As a shortlisted group for the Tate Turner Prize 2021, Cardiff-based artist collective Gentle/Radical is presenting an exhibition at The Herbert Gallery and Museum in Coventry.
Gentle/Radical’s exhibition at the 2021 Tate Turner Prize has now opened to the public. Founded in 2017, Cardiff-based Gentle/Radical is one of five groups shortlisted for this year’s prize, and for the first time in its history, the 2021 nominations are made up entirely of artist collectives. Although the Turner Prize is usually staged outside of London, this year’s exhibition is presented in Coventry as part of the UK City of Culture 2021.
Gentle/Radical is an arts organisation made up of artists, community activists, conflict resolution trainers, faith workers, youth workers, equalities practitioners, performers, writers and others. They devise cultural activities and events to encompass film screenings, grassroots symposia, performative works, talks, meals, readings, gatherings, celebrations, and other actions that bring people together.
Gentle/Radical’s exhibition explores how we relate to, and witness each other, in times of both trouble and possibility. Drawing upon video, sung elements, text-based and printed works, their presentation explores how networks of comradeship — often overlooked in working cultures that privilege outputs and results — enable us to face the turbulent present, whilst imagining other futures.
A series of filmed works offer a window onto the group’s shared and ongoing conversations, posing questions about personal and collective agency in the face of external forces: How do we raise children beyond the nuclear family? How do we hold spaces for grief and loss amidst constant demands to remain productive? How do the multiplicities of diaspora show up amongst us?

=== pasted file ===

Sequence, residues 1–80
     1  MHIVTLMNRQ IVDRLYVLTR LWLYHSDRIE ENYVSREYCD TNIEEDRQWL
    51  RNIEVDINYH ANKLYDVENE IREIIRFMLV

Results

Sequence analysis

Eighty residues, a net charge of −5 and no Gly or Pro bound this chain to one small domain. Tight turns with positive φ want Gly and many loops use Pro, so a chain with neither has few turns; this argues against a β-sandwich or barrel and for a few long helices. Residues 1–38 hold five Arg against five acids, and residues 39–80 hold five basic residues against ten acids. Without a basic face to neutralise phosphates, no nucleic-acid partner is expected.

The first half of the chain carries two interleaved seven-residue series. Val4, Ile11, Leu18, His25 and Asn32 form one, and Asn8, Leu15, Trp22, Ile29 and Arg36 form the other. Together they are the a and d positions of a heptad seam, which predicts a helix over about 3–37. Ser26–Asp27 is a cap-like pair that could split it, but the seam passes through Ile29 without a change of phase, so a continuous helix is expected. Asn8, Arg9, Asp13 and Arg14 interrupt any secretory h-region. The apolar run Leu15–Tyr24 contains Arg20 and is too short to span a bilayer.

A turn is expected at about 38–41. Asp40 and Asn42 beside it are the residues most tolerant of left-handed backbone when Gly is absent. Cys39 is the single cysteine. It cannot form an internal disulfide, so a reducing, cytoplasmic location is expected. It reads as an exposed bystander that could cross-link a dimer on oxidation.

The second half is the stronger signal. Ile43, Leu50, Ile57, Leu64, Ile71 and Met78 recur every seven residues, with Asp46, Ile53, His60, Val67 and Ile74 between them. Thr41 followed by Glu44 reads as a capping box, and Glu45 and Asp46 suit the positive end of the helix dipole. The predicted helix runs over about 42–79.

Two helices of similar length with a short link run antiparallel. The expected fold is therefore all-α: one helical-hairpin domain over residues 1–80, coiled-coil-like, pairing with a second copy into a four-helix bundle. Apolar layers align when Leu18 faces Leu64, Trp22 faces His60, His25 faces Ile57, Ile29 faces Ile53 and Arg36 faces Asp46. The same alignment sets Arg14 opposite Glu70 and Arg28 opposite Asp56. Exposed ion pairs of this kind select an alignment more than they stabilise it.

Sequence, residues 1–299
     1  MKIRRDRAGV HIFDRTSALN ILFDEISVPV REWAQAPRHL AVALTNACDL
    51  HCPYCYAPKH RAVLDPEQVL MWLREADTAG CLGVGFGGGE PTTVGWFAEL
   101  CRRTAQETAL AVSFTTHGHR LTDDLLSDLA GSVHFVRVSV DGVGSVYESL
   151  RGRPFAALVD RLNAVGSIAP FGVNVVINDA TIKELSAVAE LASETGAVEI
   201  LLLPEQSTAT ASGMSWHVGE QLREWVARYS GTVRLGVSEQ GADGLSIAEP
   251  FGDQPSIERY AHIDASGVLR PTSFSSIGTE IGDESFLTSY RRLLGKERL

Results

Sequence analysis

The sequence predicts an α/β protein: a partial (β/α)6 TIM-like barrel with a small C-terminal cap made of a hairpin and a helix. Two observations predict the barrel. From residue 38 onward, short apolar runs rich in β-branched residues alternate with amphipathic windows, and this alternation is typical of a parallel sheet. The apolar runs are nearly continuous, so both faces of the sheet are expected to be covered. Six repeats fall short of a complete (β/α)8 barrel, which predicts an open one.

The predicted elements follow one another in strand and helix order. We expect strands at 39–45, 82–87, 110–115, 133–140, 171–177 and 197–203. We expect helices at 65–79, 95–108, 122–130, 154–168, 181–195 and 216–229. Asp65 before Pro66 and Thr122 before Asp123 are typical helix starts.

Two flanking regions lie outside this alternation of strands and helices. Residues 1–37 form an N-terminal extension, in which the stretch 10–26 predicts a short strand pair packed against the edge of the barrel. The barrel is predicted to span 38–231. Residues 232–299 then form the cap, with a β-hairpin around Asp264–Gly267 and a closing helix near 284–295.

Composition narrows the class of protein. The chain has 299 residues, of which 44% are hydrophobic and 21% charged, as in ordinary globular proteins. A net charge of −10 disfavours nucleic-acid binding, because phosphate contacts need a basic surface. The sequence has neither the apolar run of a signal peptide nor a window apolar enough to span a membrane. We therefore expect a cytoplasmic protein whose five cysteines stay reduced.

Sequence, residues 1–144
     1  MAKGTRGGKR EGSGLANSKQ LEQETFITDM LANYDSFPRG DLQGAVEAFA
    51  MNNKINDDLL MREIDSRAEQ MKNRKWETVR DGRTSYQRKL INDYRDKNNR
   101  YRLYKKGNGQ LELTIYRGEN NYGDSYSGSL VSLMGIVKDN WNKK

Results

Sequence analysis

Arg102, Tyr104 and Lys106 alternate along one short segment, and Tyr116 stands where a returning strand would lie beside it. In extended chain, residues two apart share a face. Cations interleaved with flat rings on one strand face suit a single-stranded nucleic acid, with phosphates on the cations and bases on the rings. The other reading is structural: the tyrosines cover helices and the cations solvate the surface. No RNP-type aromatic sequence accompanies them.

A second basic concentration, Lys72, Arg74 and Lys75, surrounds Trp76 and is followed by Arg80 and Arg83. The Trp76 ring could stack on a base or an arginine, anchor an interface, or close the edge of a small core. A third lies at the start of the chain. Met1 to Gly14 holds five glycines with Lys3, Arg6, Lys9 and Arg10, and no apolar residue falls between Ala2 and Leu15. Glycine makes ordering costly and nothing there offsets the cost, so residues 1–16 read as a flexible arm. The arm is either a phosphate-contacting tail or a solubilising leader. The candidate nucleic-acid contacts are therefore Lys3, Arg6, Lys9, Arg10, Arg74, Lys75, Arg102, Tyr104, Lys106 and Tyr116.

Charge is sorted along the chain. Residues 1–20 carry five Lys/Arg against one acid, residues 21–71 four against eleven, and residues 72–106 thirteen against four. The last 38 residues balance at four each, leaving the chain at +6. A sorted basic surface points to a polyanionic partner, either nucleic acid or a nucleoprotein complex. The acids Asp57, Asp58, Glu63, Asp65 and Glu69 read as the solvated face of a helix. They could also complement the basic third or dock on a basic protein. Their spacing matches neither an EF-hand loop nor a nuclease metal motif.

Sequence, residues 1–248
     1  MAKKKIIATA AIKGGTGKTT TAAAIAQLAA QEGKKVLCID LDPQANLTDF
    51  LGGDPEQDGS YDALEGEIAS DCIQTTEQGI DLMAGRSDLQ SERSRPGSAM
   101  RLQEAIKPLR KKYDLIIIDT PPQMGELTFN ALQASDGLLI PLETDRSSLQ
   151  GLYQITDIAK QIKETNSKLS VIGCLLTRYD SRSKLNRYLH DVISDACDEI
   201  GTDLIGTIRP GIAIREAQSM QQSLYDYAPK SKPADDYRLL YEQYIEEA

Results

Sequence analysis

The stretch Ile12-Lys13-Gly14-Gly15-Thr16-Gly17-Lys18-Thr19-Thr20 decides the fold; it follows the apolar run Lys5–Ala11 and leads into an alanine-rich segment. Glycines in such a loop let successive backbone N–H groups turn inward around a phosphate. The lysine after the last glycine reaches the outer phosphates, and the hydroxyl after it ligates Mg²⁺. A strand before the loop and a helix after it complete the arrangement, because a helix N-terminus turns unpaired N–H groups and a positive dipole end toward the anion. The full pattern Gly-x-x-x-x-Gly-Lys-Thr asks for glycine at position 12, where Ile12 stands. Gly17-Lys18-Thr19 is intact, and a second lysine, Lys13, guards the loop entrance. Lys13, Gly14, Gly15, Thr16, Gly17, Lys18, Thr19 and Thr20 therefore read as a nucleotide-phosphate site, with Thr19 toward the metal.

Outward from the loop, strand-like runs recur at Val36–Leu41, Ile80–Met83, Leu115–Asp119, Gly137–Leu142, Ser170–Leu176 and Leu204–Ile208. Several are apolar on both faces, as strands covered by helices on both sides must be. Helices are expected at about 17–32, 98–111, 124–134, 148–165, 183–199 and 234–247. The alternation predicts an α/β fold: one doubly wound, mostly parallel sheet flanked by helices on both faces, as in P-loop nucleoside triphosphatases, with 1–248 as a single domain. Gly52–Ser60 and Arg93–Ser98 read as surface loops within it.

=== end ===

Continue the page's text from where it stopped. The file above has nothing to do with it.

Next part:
A second video work sees a group of Cardiff residents learning, and singing together, the text of a Welsh Gorsedd bardic prayer written by Iolo Morganwg in the 18th century. Set to music by Cardiff-based folk duo Bragod, the work elevates the tentative act of learning, sharing and voicing together, in place of a final or finished product.
Other elements of the exhibition include a wall-based work detailing notes from an emergent curriculum that informs Gentle/Radical’s practice; and printed work, also echoing a Gorsedd text, centring the values of knowledge, strength, protection and justice.
‘For an organisation that’s usually found delivering cultural events within community settings, hearing about our nomination for the Turner Prize came as something of a shock,’ said Rabab Ghazoul, Gentle/Radical Director. ‘But it also felt like an incredible opportunity to think about how, as a collective, we could show up in a gallery context together. What’s emerged is an exhibition that shares some of the most intimate aspects of our work together — those ongoing dialogues behind the scenes, that speak to our grappling with coloniality, diaspora, resistance, healing, justice, loss and transformation. And of course, that work all takes place within Wales, so speaking in subtle ways to the richness of who we are, where we live, and the complex identities Wales holds, has also felt essential.’
The Turner Prize exhibition will be open at the Herbert Art Gallery and Museum in Coventry until the 10th of January 2022. Admission is free, but booking in advance is recommended. The winner of the Tate Turner Prize 2021 will be announced on the 1st of December 2021.
The development of Gentle/Radical’s exhibition for the Turner Prize has been supported by a curatorial team to include Ben GJ Thomas, Melissa Hinkin and Rabab Ghazoul; Simon Clode and Matt Smith of Crowblack Films; and Gentle/Radical members/associates Isabel Calvete, Adeola Dewis, Roseanna Dias, Laura Drane, Rabab Ghazoul, Thomas Goddard, Samson Hart, Tony Hendrickson, Rachel Kinchin, Stephen Lingwood, Ahmad Musa, Mary-Anne Roberts O’Reilly, Divya Parikh and Anushiye Yarnell.
Gentle/Radical’s exhibition has been made possible through support from Arts Council of Wales and Welsh Government.
Header image: Gentle/Radical Riverside Photo (Credit: Michal Iwanowski)